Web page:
Developments in the Waste Strategy have been long awaited and much debated. At best they could unlock some of the barriers to both waste and energy infrastructure development - at worst they could result in recourse to more debate, and a loss of vital inward investment.
While the financial climate remains difficult, it's no surprise that many of those local authorities who are still to put residual waste solutions in place have had to take a step back to reconsider their options. But the UK cannot afford a protracted period of reconsideration if we are to deliver the required waste and energy capacity to meet targets and actual need. While last year's announcements proved to be a damp squib, early indicators suggest that these new changes will have a positive impact.
Government energy policy has already identified EfW as one of a handful of technologies that are critical to delivering energy security and low carbon objectives. It is our belief, however, that if we are to deliver the full potential of EfW, we are going to need to exploit resources beyond the municipal sector, especially the energy value of residual Commercial & Industrial (C&I) waste.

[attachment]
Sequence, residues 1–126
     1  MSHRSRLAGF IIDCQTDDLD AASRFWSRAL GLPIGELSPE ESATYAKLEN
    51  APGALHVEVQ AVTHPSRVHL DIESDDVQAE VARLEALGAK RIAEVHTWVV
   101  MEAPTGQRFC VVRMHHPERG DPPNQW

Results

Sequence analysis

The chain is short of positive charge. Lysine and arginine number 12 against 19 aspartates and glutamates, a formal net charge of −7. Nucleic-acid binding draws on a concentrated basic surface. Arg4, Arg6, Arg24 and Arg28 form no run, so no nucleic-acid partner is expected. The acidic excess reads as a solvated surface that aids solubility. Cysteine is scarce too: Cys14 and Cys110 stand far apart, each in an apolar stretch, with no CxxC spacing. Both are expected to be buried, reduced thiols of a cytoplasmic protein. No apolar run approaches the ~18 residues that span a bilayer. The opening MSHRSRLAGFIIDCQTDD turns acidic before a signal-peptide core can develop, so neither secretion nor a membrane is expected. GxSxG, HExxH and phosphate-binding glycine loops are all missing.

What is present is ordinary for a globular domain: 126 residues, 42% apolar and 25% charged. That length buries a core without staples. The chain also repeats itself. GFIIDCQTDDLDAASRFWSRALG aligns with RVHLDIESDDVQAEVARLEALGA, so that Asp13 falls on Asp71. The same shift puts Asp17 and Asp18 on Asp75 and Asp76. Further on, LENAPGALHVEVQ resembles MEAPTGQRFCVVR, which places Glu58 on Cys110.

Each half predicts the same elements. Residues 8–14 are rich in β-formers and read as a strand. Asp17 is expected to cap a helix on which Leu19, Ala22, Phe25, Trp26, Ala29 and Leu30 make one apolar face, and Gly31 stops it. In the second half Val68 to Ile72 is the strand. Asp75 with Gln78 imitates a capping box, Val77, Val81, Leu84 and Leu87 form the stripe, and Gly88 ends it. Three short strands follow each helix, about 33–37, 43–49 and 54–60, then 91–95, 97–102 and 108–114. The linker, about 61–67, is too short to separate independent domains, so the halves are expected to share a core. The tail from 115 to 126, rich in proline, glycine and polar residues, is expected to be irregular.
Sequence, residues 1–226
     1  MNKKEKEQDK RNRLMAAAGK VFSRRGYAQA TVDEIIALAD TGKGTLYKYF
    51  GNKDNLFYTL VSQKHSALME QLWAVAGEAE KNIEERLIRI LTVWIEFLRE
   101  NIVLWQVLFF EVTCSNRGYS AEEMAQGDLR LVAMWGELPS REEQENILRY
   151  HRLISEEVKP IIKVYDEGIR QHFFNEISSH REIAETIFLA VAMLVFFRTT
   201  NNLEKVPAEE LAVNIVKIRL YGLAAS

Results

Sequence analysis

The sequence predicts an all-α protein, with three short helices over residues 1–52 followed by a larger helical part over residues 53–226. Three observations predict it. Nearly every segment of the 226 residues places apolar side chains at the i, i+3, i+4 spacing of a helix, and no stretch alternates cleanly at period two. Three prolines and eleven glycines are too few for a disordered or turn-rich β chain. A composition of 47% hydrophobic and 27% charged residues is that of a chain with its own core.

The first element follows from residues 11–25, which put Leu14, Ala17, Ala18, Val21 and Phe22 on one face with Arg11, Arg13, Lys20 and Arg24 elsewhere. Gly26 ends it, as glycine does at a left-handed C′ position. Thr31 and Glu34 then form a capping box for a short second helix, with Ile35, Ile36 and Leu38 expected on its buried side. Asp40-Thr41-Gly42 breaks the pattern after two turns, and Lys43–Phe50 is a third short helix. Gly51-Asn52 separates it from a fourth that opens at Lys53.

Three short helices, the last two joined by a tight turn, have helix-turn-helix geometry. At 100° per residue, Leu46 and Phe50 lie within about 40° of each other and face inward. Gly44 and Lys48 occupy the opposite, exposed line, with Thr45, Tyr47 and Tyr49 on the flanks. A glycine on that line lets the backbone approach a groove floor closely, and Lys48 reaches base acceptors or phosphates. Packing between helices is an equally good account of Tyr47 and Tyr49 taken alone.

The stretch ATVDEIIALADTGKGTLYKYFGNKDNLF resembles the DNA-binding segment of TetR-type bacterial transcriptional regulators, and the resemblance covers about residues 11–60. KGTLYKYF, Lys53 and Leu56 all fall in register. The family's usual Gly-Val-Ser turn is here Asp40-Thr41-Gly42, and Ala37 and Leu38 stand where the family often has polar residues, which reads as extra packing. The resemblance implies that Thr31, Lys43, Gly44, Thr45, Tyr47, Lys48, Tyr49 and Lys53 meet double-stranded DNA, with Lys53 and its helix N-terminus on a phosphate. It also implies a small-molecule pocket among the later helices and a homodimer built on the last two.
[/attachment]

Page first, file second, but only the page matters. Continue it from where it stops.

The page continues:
Joining up the dots of all of these combined waste and energy considerations, and taking into account planning and localism, is an enormous challenge - for government and for those working within the sector.
Covanta is the largest Energy-from-Waste provider in the world, operating 46 plants worldwide. The company has more than 25 years' experience and treats over 18 million tonnes or residual waste annually from which it derives more than 9 million megawatt hours of sustainable energy.
Covanta is making a considerable investment into the UK and Irish Energy-from-Waste markets, making up to 2 million tonnes of EfW capacity available over the next five years. Through this programme Covanta will be investing in communities, through job creation and community partnerships.